Everything You Should Know Before, During, and After a Colonoscopy Procedure


Let us get straight to the point: colonoscopy ranks high in the list of medical procedures that most people try to avoid in their lifetime. If we are going to be honest, this is due to the fact that undergoing colonoscopy is not exactly comfortable and the preparation needed can be awfully inconvenient and bothersome. But here is the thing – going to a colonoscopy clinic in Orchard can actually save your life. Despite being a common, life-threatening disease, colorectal cancer is preventable. And the earlier it gets diagnosed, the better the chances are for making a recovery.

Colorectal cancer remains the third most common type of cancer, and it also holds the unfortunate title of being the second leading cause of cancer mortality. Colorectal cancer starts from abnormal tissue growths in the colon or rectum called polyps and it is often referred to as a “silent” killer because a patient could have colon cancer for many years without experiencing any symptoms at all! Most symptoms (if not all) have a tendency to appear when the cancer has spread or progresses.  A colonoscopy screening allows the doctor to find and remove the polyps before they turn cancerous. The procedure can also help diagnose other intestinal issues that might be present.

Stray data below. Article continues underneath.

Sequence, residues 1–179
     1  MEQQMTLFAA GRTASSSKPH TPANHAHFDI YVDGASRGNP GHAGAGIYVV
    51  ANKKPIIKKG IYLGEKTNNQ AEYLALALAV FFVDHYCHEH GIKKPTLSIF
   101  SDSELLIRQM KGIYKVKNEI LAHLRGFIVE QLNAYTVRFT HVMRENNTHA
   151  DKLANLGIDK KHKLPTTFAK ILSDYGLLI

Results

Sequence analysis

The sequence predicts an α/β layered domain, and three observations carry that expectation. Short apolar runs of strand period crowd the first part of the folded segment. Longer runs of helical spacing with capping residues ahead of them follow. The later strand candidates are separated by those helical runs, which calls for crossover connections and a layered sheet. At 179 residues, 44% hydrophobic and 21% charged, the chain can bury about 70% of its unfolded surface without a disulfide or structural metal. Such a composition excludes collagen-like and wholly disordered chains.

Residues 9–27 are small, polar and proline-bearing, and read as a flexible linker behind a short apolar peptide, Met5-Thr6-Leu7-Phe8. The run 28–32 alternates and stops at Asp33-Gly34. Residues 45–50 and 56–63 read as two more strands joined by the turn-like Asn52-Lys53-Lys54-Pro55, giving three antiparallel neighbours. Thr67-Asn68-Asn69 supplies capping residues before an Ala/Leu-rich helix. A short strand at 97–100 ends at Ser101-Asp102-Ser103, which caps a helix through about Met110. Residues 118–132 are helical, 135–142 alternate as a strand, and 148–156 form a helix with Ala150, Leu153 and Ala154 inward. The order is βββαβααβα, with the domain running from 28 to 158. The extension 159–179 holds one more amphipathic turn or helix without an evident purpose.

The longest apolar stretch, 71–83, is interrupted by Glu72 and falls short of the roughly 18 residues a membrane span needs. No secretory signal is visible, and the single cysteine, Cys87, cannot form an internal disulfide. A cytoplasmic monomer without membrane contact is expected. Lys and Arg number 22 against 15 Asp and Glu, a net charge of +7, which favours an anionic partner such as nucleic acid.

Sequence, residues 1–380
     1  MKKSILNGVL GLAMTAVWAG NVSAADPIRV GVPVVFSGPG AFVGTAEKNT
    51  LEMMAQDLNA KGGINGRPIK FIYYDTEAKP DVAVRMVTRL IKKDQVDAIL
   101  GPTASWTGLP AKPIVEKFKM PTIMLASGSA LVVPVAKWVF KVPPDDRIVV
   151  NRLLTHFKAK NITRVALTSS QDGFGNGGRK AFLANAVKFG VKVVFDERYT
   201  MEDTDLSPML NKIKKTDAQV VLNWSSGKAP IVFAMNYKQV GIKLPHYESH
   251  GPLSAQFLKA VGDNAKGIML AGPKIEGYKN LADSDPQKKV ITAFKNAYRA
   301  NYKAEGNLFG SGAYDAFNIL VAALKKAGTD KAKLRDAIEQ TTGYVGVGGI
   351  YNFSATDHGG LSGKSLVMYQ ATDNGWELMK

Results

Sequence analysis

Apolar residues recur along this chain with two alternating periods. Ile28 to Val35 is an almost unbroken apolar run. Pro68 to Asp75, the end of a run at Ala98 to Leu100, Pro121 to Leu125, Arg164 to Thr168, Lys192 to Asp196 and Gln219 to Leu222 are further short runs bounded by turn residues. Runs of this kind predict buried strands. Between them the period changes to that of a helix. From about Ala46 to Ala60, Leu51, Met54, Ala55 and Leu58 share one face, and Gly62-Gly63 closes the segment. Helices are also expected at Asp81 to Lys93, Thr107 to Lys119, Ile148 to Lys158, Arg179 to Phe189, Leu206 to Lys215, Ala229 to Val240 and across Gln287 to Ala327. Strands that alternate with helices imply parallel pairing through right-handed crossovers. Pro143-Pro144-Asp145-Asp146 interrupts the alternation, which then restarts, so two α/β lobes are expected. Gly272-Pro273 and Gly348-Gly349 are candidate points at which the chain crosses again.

To learn more about colonoscopy, this article will answer two important questions:

  • What happens before, during, and after a colonoscopy?
  • When should I get a colorectal screening?

Colonoscopy – what happens before and during

Since precancerous polyps and early-stage colorectal cancer have no obvious symptoms, colonoscopies become even more detrimental. It is a highly effective screening procedure, and it is a must for everybody – regardless of age, gender, or personal health history. As they say, everyone with a colon is susceptible to colorectal cancer so the best thing to do is to make sure that you get a screening test early to avoid unwanted surprises along the way!


Once you have made the right choice and a date for your colonoscopy has been set, your doctor will provide certain guidelines that you need to follow. Bear in mind that the procedure itself is not too complicated but the preparation can be time-consuming and tedious – that is why a lot of people dread colonoscopies. A day before you get a colonoscopy, you cannot eat any solid food. You will be put on a clear liquid diet which means you can only consume plain water, broth, coffee, or tea (no creamers and dairy allowed). This is required for all colonoscopy patients so that nothing can block the digestive system while the doctor examines the colon and rectum. Your doctor will also remind you not to drink anything after midnight the day before your colonoscopy in Singapore.